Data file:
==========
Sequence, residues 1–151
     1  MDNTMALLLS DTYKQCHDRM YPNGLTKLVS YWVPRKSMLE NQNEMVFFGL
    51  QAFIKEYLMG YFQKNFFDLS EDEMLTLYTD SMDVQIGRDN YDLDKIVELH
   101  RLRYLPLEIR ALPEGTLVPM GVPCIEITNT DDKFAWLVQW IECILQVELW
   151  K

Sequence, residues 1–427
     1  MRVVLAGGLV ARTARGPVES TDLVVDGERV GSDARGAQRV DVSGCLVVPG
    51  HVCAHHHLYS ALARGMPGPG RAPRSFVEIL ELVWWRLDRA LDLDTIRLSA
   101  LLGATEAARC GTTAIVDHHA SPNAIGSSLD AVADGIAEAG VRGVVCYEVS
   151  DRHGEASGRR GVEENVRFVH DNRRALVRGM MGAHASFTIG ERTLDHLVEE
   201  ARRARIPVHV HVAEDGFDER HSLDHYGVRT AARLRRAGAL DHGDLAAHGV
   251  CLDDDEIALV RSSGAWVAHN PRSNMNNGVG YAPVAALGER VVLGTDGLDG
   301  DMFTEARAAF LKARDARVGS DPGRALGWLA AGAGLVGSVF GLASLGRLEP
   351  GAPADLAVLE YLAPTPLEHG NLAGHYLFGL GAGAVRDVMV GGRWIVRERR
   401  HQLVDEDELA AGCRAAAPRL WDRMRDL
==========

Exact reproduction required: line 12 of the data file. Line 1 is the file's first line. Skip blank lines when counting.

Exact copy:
   251  CLDDDEIALV RSSGAWVAHN PRSNMNNGVG YAPVAALGER VVLGTDGLDG